+ The third story, Sunday's lesson from Luke, adds embellishments that point towards the growing conflict between Jews, Jewish Christians and Gentile believers in the way of Jesus and emphasize Luke's universalist concerns. Jesus in this telling is on the road to Jerusalem when 10 lepers cry out for assistance. They all recognize him as "Master" and plead for his healing. Jesus assures them it will become theirs and sends them off to their priest for examination and the cleansing rituals of Leviticus 14 that will restore them to community.  As Jesus prepares to resume his trek into Jerusalem one of the healed lepers returns and thanks Jesus - falling at the Lord's feet in gratitude - and claiming to have encountered the "glory of the Lord" (a sense of God's presence." This prompts Jesus to wonder aloud why only one of the healed lepers responds with gratitude - and how odd that it should be a foreign Samaritan! Luke's audience in 80-90 CE was a well-educated, Greek speaking house church in Rome who were more interested in a universalist religion than one beholden to a specifically Jewish Messiah.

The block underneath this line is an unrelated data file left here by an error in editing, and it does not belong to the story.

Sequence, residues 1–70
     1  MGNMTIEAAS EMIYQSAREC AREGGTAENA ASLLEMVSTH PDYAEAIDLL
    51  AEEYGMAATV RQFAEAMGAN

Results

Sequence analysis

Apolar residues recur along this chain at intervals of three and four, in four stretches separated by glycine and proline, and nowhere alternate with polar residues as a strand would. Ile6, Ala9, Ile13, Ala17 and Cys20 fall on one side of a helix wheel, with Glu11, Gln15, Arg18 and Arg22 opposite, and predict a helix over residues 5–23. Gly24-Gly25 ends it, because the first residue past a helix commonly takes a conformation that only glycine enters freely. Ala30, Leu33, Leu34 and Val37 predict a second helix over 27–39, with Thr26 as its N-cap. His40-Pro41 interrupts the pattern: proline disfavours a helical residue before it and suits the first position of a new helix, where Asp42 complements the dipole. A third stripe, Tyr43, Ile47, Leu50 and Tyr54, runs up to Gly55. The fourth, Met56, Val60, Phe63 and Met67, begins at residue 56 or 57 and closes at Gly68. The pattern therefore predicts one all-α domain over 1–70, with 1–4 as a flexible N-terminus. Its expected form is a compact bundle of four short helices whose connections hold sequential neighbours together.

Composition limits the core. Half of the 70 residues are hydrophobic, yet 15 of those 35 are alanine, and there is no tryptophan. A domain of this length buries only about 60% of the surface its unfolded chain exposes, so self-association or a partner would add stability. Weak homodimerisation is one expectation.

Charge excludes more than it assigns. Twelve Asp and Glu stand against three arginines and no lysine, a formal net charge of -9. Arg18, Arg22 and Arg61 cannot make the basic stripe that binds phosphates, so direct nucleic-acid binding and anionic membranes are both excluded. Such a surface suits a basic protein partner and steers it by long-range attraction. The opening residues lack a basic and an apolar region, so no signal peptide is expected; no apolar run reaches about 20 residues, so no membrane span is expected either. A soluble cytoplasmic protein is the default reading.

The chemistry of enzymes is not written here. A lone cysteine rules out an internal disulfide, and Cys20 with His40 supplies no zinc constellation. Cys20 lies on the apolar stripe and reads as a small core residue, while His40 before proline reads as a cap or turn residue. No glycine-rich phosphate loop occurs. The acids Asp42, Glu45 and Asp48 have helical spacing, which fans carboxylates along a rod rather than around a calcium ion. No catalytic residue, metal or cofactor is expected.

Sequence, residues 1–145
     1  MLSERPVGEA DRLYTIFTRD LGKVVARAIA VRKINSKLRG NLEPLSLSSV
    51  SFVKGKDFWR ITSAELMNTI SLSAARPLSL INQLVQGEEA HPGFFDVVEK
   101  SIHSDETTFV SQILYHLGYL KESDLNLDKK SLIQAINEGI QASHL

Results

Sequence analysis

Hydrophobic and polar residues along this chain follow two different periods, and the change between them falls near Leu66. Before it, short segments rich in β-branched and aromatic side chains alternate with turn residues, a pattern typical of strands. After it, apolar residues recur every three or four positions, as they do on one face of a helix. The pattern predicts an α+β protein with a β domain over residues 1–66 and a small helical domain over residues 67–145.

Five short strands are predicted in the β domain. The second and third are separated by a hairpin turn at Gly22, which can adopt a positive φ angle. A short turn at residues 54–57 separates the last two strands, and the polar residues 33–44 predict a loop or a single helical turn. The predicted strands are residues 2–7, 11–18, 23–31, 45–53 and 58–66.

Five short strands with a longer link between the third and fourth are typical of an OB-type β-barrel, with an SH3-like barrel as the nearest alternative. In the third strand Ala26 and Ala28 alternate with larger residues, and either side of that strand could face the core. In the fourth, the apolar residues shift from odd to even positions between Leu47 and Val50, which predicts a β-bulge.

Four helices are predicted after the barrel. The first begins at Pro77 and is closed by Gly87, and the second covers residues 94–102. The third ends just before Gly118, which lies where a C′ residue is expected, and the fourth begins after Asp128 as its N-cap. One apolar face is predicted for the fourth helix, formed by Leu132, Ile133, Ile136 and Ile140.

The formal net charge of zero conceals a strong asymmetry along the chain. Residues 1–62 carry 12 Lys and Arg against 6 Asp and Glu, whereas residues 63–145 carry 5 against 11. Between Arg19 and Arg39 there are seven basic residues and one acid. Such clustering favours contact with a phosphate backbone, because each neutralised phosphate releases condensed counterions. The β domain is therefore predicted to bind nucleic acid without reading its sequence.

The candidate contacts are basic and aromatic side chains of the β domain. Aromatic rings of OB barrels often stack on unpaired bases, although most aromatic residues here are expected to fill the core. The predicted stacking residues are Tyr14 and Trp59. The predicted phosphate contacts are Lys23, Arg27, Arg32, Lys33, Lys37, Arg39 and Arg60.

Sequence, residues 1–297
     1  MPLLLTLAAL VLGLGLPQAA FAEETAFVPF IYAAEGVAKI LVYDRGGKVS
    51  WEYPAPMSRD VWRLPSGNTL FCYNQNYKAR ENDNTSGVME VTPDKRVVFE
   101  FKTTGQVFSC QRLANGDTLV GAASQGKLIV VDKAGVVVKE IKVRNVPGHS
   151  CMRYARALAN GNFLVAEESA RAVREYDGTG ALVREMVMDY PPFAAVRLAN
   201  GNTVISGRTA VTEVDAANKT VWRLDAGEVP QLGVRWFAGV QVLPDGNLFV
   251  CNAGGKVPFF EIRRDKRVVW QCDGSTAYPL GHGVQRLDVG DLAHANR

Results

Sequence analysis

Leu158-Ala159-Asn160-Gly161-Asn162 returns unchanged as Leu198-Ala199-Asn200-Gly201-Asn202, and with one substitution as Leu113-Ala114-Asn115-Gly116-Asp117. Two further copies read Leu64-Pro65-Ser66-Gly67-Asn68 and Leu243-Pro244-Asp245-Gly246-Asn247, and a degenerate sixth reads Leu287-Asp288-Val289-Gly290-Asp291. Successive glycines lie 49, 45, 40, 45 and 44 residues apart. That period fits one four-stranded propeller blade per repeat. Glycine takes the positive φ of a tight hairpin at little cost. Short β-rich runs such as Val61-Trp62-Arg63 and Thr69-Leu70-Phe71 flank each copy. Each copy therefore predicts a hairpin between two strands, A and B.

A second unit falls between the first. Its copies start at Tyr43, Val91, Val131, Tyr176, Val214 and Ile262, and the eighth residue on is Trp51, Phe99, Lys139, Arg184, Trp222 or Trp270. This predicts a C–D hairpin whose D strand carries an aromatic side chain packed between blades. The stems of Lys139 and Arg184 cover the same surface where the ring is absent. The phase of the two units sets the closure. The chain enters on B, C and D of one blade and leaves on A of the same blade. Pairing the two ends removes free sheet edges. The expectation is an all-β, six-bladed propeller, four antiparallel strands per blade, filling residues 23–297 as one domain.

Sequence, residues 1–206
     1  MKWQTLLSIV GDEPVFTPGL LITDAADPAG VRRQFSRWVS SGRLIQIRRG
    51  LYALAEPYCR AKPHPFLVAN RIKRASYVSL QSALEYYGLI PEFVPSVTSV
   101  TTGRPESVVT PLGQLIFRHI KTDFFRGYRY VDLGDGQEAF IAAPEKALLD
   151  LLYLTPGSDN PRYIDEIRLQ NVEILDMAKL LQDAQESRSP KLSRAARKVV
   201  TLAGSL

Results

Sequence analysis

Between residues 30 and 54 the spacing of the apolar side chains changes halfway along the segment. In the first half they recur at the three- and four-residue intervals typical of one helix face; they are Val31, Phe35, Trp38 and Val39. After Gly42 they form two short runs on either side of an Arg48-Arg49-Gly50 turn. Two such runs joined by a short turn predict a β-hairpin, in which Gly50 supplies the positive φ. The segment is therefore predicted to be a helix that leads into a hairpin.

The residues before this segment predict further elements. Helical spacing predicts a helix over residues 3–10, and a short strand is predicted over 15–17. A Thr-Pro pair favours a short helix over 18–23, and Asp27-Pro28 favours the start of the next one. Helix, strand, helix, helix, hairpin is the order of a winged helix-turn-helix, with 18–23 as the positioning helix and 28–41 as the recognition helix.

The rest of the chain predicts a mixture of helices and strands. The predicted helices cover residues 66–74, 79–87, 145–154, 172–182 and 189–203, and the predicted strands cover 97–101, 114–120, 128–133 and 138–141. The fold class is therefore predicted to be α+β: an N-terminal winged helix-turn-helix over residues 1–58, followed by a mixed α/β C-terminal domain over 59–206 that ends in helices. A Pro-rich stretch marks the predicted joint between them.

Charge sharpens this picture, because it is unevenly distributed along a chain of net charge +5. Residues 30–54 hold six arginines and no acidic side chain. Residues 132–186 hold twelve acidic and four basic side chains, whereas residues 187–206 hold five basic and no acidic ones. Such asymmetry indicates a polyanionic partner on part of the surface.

Many scholars believe that one reason why Luke-Acts carefully distinguishes Christians from Jews is to win favor with the Roman Empire. After the desecrating sacrilege of slaughter, rape and the destruction of the second temple in Jerusalem in 70 CE, this was no small concern. As James Carroll puts it in his harrowing history, Constantine's Sword and  Christ Actually, ."since the Gospels were all written during the catastrophic years in which Jews were traumatized by the loss of the Temple in Jerusalem:"

it would be odd if that crisis were not reflected in how the story of Jesus was told, since the entire point of composition just then was to put Jesus forward as the solution to the problem of the destroyed Temple. The Jewish experience during the savage violence of what I presume to call the first Holocaust, in other words, could be expected, in the scales of narrative composition, to weigh as much as, if not more thank the remembered actualities of Jesus' life four decades earlier. The crisis of Temple destruction in 70 was enough for the Jesus people to put the Temple at the center of their explanation of his meaning - and they did.  (Christ Actually, p. 68)